Ben went down to the cafeteria to get some dinner and I attempted (unsuccessfully) to take a nap.  He came back up around 6:00, followed less than 5 minutes later by my doctor and the nurses.  The shift was about to change, so they wanted to check me one more time before new nurses came on duty.  At that point, I couldn't feel my legs at all, and there was no pain or pressure whatsoever, so I was convinced that nothing has happening.  But, to my great shock, the doctor reported that I was at 10 centimeters and it was time to push.

My room filled quickly with people--my doctor, a med student who was observing, and both nurses from both shifts.  I was totally stunned and could barely grasp what was going on--I was still fully convinced that it was nowhere near time.  I felt no pain, no pressure, no urge to push.  But they got me all proped up and told me to push, so I did, all the while protesting that it wasn't time.... and the doctor reported that our baby had a full head of hair.  Another push, and Ben could see it too.  Another push, and the baby was out.... and I seriously hadn't felt a thing.  I told Ben that I thought I was having an out-of-body experience.  I had just had a NINE POUND baby and hadn't felt it AT ALL.

I was pretty dazed in that first half hour following the birth, hardly able to believe what had just happened.  I delivered the placenta and the doctor stitched up my laceration, and I felt absolutely nothing with either experience.  The nurses weighed, measured, and cleaned baby Aiden and passed him over to me.  He was absolutely perfect, and I was totally in love.

The wonders of the epidural lasted while I got moved to the recovery room and our other kids arrived to meet Baby Brother.  They each got to hold him.  Bryn and Shay were beyond excited, exclaiming over how cute he is and how much they love him, but Liam was largely mystified (and at one point called him "Baby Molly," which is the little girl I babysit).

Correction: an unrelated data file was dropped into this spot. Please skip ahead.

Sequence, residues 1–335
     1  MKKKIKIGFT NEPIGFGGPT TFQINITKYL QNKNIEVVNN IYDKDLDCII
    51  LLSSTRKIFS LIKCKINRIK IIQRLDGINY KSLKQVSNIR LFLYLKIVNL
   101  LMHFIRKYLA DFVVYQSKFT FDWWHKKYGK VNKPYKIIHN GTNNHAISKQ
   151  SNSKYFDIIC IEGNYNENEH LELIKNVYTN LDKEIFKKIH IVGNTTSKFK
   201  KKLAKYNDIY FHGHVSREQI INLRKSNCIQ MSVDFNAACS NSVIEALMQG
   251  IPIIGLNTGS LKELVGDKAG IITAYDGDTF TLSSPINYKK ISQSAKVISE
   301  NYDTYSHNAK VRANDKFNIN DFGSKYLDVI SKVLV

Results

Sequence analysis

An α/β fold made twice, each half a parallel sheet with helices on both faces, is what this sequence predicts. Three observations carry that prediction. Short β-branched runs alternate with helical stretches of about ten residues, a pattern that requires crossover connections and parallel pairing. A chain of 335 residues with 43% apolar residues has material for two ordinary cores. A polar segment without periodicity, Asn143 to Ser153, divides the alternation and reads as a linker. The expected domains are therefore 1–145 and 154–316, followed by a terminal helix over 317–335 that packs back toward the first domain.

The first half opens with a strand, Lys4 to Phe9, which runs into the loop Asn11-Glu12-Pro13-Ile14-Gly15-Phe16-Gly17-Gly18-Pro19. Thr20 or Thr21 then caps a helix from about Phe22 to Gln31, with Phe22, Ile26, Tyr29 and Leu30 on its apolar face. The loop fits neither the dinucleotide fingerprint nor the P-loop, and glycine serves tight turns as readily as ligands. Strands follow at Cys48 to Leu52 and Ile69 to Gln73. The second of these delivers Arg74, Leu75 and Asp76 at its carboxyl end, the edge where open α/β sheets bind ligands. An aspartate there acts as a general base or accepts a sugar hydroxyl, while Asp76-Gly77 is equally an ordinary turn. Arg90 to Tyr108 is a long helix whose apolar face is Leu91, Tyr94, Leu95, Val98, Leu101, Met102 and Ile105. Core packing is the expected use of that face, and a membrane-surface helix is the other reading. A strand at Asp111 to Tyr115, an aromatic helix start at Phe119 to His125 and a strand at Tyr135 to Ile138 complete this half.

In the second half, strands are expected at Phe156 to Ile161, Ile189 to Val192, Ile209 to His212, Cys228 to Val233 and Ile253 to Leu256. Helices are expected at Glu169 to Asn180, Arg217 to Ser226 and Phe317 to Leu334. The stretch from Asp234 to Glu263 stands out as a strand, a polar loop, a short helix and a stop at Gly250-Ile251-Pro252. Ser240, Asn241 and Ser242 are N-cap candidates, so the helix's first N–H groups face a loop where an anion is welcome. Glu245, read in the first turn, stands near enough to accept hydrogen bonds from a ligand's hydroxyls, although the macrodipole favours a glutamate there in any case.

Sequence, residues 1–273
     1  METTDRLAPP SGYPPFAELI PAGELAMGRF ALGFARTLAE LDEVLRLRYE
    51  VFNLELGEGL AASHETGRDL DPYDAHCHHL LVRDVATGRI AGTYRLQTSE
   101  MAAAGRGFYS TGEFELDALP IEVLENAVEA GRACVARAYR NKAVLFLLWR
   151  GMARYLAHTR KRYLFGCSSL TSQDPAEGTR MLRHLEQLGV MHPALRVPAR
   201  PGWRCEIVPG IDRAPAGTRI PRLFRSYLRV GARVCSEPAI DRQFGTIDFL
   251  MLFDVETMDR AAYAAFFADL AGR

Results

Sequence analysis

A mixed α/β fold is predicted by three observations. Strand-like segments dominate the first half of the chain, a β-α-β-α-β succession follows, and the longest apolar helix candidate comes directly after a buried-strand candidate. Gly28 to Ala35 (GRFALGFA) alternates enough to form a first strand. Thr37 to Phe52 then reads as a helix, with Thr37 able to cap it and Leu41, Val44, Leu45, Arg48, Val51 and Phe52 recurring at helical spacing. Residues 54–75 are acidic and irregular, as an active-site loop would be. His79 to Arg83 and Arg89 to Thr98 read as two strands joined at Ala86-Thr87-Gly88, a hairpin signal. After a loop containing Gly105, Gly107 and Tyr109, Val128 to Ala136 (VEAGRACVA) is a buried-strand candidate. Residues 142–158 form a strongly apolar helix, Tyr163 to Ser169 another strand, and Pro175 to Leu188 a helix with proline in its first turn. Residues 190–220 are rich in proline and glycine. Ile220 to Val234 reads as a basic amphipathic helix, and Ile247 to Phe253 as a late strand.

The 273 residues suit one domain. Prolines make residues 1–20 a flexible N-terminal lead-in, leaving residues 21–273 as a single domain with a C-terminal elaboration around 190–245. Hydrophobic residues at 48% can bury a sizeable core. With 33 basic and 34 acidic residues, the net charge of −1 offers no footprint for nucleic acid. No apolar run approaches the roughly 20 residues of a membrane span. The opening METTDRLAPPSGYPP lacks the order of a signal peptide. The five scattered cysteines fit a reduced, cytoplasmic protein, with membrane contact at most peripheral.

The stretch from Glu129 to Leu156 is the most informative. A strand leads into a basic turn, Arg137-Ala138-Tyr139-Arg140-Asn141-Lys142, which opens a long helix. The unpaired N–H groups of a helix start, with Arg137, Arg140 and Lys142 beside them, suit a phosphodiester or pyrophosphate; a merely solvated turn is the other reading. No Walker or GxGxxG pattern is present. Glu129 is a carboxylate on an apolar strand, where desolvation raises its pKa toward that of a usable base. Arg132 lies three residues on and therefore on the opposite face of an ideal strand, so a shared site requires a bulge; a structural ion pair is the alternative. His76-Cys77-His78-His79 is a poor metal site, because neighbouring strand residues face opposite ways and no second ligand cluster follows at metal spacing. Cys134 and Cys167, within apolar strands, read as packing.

Bryn holds Aiden for the first time.

It was almost 10:00 by the time we got our older kids on the road home and I settled in for what I figured would be an uphill battle to nurse him.  Two of my previous three kids never did get the hang of nursing (but injured me plenty in their attemps), and the third took many weeks and much help from a lactation consultant to get the hang of it.  So you can imagine my shock when little Aiden latched on right away, ate heartily on both sides, and then fell sweetly asleep.

Ben and I went to sleep too.  At that point, I was still feeling the aftereffects of the epidural and felt pretty good.  When I woke up at 1:00 though, well..... I felt like I had had a nine pound baby and had vaginal varicose veins.  Owie.  Enter nursing staff with pain meds.  There wasn't much sleep that night (though there was much checking of vital signs), but my pain level was doing somewhat better by morning, when my dad and stepmom brought the kids back to visit.

Every time she holds him or gets near him, Shay wants to cuddle Aiden. 

Here, both girls are playing "This Little Piggy" with Baby Aiden.

Since then, my hospital stay has been pretty quiet.  Some of our dear friends from Indy got a little crazy last night and made the drive up to visit us (even bearing Dunkin Donuts as a gift--yum!), and Ben went home for a few hours yesterday to play with the older kids.  One of our friends from camp spent the night with our kiddos last night so Ben was able to stay at the hospital, and we've had our wonderful sitter Miss Rosy with them since my parents left about 1:00 yesterday. 

Aiden continues to do great, sleeping well and eating well, and now we're just waiting for the nurses to finish up his 48-hour checks before we head home from the hospital and officially start our lives as a family of six.  Stay tuned for the adventures yet to come!

1 comment:

Cathy Willman said...

I'm so happy for you, so over the moon happy that the physical pain is over, that you're feeling better, and you get to go home to your family of 6, Happy Ever After.